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SOAs Built Into WebSphere MQ's Brain

IBM upgraded its WebSphere MQ software in order to help businesses integrate disparate applications as the backbone for a service-oriented architecture .

The new WebSphere MQ 6.0 is designed to track the flow of information in a business and ensure its safe delivery. IBM said the software can pare the cost of maintaining custom or file transfer applications in order to exchange data between applications and systems. Usually, such proprietary work can suck up as much as a third of a company's IT budget.

These characteristics make MQ 6.0 a natural foundation for SOAs, which are distributed computing models that let developers combine new and existing assets, such as software code, to build Web services that help different machines communicate.

Businesses can use the new features in WebSphere MQ 6.0 to fashion an enterprise service bus (ESB), which glues the services in an SOA together, from a single workspace based on the Eclipse open source Java development platform.

MQ 6.0 has other new qualities that endear it to SOAs and Web services.

The product is now better integrated with the new Web services capabilities found in the Armonk, N.Y. company's CICS Transaction Server for e-commerce and WebSphere Application Server 6.0. The features allow businesses to configure and manage WebSphere MQ servers from a single console.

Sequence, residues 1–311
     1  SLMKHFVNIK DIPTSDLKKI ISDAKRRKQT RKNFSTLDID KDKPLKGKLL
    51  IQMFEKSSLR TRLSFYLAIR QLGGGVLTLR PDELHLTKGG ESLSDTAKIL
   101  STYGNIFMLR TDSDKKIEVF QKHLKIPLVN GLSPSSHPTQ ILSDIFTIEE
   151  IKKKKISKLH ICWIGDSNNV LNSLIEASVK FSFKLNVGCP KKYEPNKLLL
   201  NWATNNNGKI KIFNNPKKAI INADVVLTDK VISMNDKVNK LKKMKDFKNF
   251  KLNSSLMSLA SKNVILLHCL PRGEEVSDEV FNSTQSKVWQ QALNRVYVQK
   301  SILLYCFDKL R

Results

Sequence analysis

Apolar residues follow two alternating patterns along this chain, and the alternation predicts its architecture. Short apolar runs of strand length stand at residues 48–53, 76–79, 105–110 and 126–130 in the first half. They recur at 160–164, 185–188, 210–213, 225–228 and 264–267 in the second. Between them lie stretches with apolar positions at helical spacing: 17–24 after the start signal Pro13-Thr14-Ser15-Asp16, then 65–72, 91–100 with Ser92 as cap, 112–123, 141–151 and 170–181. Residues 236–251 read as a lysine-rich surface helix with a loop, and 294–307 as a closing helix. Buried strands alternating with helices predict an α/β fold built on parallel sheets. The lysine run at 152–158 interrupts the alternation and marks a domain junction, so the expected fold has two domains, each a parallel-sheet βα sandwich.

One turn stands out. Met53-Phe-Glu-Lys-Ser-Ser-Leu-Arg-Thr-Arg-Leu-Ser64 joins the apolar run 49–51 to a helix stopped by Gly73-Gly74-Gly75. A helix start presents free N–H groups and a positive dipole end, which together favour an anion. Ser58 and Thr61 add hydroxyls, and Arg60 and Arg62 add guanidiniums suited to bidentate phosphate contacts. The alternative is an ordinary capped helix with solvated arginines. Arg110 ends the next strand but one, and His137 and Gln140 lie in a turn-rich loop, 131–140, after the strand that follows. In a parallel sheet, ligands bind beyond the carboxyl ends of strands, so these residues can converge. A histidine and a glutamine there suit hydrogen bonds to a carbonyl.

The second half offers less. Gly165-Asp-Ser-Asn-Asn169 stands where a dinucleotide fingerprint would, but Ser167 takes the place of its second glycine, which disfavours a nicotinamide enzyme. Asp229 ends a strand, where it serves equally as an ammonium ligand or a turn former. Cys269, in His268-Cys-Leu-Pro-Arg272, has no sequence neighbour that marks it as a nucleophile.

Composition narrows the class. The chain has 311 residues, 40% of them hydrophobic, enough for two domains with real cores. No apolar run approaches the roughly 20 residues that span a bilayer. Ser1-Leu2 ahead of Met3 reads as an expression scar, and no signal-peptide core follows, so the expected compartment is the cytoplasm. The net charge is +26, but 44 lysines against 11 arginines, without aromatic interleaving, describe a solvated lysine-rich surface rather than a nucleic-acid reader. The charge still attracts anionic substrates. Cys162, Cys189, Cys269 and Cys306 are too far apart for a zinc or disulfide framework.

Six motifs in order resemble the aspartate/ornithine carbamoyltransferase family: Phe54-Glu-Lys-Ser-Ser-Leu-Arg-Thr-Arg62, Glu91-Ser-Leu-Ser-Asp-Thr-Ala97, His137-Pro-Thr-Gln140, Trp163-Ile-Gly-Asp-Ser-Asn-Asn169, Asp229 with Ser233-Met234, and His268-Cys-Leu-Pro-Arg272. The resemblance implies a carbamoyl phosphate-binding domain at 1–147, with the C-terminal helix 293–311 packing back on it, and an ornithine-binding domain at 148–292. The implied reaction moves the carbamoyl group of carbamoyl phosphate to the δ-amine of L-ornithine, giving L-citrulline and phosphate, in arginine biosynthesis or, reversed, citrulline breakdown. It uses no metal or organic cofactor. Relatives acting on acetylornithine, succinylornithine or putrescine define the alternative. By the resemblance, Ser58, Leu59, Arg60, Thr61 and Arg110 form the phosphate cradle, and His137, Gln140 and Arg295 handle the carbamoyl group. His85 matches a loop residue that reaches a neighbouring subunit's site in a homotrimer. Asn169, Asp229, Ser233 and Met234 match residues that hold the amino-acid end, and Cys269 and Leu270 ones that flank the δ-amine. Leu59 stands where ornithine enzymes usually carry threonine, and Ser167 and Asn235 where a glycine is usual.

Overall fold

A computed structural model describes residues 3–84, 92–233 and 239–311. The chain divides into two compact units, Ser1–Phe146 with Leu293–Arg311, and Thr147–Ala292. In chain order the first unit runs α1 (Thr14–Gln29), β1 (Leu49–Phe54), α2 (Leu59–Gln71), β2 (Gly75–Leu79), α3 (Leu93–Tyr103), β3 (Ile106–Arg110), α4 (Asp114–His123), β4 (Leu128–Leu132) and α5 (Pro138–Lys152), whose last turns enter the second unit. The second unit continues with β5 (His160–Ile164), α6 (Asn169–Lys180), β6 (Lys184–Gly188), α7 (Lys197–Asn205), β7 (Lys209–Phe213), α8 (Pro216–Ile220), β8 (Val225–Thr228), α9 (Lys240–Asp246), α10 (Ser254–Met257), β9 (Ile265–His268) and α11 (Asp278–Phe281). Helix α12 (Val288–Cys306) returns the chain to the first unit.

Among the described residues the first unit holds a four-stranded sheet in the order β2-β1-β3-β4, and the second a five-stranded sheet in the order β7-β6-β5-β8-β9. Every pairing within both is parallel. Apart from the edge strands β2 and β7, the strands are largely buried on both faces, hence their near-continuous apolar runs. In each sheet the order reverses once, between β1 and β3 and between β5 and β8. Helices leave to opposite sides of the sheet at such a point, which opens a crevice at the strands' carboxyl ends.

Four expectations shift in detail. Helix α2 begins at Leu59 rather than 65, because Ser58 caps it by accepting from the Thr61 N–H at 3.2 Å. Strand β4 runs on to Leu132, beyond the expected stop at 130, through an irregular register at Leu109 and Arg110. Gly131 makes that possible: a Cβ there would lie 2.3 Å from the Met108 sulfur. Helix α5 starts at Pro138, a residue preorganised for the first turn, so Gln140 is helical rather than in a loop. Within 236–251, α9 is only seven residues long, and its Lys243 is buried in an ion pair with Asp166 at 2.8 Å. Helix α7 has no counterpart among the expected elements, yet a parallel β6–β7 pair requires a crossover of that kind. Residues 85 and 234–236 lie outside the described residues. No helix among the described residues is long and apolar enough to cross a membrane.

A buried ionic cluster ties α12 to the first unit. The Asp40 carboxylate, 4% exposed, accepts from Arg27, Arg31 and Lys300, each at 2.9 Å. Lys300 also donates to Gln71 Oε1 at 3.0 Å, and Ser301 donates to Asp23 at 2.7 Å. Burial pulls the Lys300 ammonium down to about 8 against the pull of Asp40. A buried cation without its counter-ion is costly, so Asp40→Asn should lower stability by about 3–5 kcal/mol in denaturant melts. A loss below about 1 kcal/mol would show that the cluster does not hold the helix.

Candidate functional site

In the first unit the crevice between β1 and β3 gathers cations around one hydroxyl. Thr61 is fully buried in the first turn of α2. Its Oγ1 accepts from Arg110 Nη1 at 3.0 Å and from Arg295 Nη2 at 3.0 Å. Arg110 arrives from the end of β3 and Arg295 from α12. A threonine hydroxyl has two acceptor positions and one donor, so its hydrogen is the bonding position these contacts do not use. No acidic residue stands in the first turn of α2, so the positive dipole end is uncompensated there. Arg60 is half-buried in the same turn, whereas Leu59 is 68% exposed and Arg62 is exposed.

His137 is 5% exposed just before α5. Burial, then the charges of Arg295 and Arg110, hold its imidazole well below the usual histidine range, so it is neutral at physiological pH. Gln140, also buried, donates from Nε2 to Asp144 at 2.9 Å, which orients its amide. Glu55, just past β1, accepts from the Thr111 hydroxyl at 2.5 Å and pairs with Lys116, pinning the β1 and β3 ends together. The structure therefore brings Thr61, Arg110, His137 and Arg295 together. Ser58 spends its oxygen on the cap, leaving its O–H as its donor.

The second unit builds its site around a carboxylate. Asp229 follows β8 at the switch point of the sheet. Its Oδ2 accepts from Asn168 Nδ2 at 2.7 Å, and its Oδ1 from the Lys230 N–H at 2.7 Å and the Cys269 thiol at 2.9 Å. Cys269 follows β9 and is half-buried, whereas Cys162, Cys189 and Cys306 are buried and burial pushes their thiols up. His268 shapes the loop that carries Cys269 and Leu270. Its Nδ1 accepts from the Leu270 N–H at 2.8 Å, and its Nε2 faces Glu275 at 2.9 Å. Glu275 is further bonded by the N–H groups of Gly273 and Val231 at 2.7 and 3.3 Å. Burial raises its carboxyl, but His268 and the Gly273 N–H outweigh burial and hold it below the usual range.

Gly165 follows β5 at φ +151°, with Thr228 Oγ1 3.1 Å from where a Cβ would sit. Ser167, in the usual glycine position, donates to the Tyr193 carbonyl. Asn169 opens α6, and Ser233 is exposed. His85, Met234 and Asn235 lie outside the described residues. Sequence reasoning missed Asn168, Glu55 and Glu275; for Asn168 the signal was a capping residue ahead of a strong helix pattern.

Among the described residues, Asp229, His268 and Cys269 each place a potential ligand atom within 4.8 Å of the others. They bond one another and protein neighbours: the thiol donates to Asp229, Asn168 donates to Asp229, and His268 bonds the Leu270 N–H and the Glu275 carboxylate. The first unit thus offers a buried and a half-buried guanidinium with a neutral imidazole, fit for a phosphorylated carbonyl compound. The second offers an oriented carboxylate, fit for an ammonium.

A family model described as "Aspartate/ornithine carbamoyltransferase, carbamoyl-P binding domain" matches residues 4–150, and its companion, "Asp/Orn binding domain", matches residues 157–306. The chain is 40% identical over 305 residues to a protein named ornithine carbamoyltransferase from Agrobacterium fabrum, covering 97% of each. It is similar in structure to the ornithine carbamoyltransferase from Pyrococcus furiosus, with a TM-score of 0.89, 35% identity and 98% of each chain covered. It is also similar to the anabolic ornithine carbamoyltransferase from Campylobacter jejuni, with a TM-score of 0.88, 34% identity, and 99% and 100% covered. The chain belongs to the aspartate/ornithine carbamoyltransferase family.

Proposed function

IBM also improved WebSphere MQ Workflow to meet the strong demands of an SOA. The new MQ Workflow lets users manage complex business processes, bringing information more quickly to people to allow them to make more informed decisions.

Application integration is important because it helps corporations manage several different platforms and trade information from various sources. Fluid software integration can help meet stringent compliance requirements, such as Sarbanes-Oxley and HIPAA, which put the onus on corporations to retain data and recall it on the fly.

As Big Blue's flagship messaging integration software, MQ is a polished market leader and is used by more than 12,000 customers and partners worldwide. Banking firm Wachovia said in a statement it uses MQ as the foundation for its SOA and business partner Ultrametrics uses the software to build interoperable applications.

It is also one of the key drivers of revenue for IBM's WebSphere portfolio, which has helped the company dominate the application middleware market, according to Gartner.

IBM annually leads such competitors as BEA, Microsoft and Sun Microsystems in the total middleware market.

IBM also spruced up its integration offering for small- and medium-sized businesses with a new version of WebSphere Business Integration Server Express that features new software adapters. This product lets SMBs integrate software at an enterprise-level without paying top dollar.

IBM is targeting SMBs in part because it and many of its competitors have tapped out the mid- to high-level markets. But Big Blue, HP, Computer Associates and other rival vendors also want a big piece of the $360 billion pie IDC estimates SMBs will spend on IT this year.